Serve over your favorite rice, (I use steamed basmati).

Like many similar dishes, this is even better the second day.
Japanese Golden Curry with Carrots and Pistachios by Henry Krauzyk from Chop Onions, Boil Water


  1. Wow. A packet meal from the master. It's a testament to Japanese Curry. It may come in cubes from a factory but damn is it tasty.

  2. I too enjoy Japanese curry, but here in Argentina the ¨block¨ of S&B Golden is expensive.

    I found this recipe on the web. I haven't tried it yet. Maybe next week.

    Good luck.

    40 servings...that's right. I said 40!

    for the roux:
    *1/4 cup yellow curry powder (less if spicy, or more to taste)
    6 yellow onions, minced
    1 cup flour
    7 quarts stock (beef for meat version, veggie and Bragg's Amino's for vegetarian)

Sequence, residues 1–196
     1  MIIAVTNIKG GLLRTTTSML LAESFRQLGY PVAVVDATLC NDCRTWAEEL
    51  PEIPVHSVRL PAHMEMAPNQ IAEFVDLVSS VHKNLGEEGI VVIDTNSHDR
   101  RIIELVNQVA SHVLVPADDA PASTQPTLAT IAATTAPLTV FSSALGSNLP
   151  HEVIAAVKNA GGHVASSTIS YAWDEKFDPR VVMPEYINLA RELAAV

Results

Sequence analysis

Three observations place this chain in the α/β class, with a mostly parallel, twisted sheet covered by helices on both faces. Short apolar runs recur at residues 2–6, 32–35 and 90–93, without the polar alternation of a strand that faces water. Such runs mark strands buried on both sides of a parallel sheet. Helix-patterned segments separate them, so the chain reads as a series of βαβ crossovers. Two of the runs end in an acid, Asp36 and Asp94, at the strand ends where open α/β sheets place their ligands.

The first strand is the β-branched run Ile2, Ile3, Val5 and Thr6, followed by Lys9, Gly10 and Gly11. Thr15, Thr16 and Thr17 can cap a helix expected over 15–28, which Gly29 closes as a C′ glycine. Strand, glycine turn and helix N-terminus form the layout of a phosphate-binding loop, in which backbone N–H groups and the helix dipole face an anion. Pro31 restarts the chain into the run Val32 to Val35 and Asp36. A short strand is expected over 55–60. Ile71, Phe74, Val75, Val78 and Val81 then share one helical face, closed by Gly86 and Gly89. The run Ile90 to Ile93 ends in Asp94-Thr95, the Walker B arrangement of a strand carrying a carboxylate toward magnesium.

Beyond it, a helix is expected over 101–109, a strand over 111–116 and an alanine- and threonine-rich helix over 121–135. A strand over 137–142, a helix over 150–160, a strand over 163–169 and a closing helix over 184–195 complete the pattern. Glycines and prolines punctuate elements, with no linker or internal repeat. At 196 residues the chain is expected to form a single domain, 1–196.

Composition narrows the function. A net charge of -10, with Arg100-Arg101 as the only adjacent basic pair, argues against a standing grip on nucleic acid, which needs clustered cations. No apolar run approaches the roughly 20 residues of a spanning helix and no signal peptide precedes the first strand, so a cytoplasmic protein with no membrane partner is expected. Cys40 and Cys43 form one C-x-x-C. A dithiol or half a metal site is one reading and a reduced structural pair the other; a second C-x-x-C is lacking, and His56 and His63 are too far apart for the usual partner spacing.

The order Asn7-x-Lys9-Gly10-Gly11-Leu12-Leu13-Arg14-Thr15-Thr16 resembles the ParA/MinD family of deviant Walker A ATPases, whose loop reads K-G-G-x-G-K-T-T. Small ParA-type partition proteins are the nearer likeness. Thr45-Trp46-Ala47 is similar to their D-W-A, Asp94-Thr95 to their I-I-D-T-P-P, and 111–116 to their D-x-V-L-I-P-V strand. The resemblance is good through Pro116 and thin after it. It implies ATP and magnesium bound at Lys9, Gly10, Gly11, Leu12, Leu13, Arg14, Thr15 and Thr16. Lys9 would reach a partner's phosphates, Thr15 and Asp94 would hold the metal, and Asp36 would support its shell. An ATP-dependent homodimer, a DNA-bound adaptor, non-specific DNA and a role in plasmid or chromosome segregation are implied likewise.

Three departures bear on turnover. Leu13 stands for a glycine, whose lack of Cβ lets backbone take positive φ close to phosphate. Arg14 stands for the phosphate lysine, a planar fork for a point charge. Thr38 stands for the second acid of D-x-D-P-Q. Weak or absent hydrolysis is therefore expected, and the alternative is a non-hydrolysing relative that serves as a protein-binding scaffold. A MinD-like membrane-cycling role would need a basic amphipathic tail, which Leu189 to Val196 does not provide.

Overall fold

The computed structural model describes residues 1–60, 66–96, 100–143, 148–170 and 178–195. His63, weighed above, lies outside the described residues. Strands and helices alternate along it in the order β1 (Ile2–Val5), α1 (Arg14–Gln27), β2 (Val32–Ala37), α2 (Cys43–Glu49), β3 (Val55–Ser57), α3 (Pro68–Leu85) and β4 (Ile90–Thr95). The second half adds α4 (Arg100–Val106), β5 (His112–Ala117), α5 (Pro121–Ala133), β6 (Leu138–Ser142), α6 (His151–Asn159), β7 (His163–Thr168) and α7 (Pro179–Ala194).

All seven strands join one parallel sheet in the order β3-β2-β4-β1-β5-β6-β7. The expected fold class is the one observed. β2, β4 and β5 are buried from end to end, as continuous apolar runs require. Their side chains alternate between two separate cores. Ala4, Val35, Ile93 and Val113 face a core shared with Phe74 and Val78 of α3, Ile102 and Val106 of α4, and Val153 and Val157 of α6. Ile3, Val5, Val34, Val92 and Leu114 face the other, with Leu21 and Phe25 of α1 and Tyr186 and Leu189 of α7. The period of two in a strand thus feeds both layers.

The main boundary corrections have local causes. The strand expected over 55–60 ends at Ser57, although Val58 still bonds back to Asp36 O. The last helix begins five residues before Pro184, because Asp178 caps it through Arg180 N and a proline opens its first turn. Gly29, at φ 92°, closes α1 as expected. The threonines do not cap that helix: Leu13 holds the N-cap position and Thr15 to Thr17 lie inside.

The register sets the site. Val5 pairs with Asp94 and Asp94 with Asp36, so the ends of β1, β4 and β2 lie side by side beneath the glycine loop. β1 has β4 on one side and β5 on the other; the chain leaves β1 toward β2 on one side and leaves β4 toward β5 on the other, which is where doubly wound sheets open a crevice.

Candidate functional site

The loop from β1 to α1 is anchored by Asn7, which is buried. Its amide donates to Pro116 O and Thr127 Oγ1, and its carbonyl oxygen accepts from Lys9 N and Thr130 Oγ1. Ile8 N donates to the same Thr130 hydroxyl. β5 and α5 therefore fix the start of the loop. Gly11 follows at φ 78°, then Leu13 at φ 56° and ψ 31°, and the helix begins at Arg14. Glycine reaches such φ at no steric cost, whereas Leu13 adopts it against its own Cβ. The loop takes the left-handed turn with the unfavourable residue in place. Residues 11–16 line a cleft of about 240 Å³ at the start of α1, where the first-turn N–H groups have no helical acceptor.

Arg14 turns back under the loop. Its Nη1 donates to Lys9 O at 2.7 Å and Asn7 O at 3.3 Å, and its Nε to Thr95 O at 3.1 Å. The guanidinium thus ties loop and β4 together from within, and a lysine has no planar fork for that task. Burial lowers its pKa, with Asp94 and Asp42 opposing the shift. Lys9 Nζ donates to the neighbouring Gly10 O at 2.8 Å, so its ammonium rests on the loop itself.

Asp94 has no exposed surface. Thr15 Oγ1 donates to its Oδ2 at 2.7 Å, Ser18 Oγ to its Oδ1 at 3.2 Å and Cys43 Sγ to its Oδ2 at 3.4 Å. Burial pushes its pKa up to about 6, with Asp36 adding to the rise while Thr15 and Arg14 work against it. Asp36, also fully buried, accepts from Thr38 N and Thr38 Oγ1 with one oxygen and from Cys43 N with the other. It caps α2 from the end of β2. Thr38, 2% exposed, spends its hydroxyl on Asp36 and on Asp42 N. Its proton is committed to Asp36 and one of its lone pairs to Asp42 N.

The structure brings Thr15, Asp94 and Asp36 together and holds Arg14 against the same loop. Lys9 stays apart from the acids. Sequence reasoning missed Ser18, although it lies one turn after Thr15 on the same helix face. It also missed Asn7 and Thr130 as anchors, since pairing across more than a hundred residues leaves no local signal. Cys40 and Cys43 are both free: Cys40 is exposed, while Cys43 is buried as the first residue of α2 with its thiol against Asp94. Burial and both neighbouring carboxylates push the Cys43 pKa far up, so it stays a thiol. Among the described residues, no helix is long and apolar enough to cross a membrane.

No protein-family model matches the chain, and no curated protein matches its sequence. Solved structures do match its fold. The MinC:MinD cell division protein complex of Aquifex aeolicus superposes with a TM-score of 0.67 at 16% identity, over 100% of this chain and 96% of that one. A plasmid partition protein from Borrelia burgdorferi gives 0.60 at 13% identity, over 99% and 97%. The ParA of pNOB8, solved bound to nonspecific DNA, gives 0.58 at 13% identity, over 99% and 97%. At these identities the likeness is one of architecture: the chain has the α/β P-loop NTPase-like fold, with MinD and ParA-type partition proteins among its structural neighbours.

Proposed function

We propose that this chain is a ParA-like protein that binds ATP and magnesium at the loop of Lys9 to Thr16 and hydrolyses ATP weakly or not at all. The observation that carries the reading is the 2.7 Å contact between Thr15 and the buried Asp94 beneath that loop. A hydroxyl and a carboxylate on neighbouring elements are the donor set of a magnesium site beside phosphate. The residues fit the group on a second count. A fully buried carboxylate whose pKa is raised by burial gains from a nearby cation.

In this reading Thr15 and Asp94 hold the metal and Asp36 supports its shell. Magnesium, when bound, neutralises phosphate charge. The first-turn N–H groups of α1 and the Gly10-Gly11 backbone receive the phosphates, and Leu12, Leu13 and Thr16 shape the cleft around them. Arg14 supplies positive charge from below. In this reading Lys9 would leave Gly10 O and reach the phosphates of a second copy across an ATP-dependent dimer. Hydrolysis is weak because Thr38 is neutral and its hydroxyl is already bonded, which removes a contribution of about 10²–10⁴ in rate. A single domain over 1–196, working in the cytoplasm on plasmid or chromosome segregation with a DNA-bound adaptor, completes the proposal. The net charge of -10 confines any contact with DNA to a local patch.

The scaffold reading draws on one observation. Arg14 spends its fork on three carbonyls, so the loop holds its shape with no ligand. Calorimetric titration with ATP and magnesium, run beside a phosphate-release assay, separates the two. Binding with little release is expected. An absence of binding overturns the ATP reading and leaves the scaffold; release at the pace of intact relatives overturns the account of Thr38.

2 cups reduced apple juice (begin with 4 and reduce to 2)
    4 Tbls grated fresh ginger
    4 Tbls fresh chopped garlic
    2 Tbls garam masala
    * 1/4 cup canola oil or clarified butter or combination

    For Curry:
    6 to 8 lbs stew meat, cut into large bite size pieces for meat version, or *2 lbs tempeh for vegetarian
    *Splash of apple juice
    10 lbs potato, or *14 lbs for vegetarian, peeled, cut into large bite size pieces
    6 lbs carrots, or *8 lbs for vegetarian, peeled and cut into large moon shapes
    6 lbs onion, or *8 lbs for vegetarian
    (optional additional vegetables: green beans cut in half, quartered mushrooms, firm white parts of bok choy- green parts may be added to another dish, turnips, etc.)

    Directions for roux:
    Heat stockand juice in pot.